Showing posts from December, 2020

Building an App

      In order to learn how to build and publish an app, I've decided to build an open-source mood tracking app that will use colors to show track your anxiety over the course of a week, month or year. You will be able to record the events that happened that day, along with the mood that event is associated with. The app is in the early stages, I'm still trying to decide how many moods to track and the best way to display the different types of moods someone has felt.     I'm building the app in React Native since that's what I want to practice. I may have a back-end that manages the database of user input, and users can log in and sync their data between devices. For now, since learning React Native is my main focus, I want to allow a user to report their mood and display the mood visually using a color.      You can check out my code as I progress here , and I'll be able to provide updates about what I learn as I go.

A Very Python Christmas

      Advent of Code has been going on, which is a lot of fun! I'm trying to keep up while also tending to my school and work responsibilities, but Advent of Code has been a fun way to remind myself that coding is fun. Each day includes a puzzle where you pretend to be Santa, solving problems by writing code. I chose to write my solutions in Python, simply because I knew it would be easy to set up and start coding right away.     Anyway the first day is a relatively simple puzzle, with the puzzles getting more complex as the days go by. You can see all my solutions as I work on them here , but I thought I would share my process for solving the puzzle on Day 2. On day 2 we are tasked with fixing the North Pole password database that has become corrupted. We are given a list that shows a list of password policies and their passwords. We need to determine how many of these are valid.           1-3 a: abcde           1-3 b: cdefg           2-9 c: ccccccccc     So the first thing I do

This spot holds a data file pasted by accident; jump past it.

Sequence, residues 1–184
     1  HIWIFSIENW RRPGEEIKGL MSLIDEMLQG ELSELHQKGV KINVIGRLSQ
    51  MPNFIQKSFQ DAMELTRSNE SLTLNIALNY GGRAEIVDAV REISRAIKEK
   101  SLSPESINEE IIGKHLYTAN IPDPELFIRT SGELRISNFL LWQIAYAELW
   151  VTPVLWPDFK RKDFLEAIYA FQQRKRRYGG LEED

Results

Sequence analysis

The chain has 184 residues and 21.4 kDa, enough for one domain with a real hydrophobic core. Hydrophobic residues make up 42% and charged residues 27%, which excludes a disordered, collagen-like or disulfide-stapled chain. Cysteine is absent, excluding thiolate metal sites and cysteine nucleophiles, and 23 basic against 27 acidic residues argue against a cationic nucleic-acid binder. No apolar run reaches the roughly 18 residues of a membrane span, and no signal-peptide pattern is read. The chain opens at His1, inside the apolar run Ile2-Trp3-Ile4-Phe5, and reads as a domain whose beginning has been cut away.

Getting Started with React Native

      At my job I do some work in React Native, and since I've learned React, React Native has made way more sense. React Hooks and components are still here, while is awesome. Along with that comes a bunch of weird unique tags like TouchableOpacity, View or Text. It's not so bad, because ultimately it seems like you are working with less tags than are available in HTML. Anyway, I like React Native for the same reasons I like React. I still think I prefer to work on apps using Xamarin.Forms, but I'm only just getting started in React Native so that could always change.     At work I typically use Android Studio, which is a great tool (if you have a decent amount of RAM), but for now I'm going to be using the Expo CLI to develop, which is a great way to quickly start writing code with minimal setup. The steps I used are listed here, but they are brief so I'll cover them as well. Navigate to wherever you plan on creating this app, and run npm install -g expo-cli Once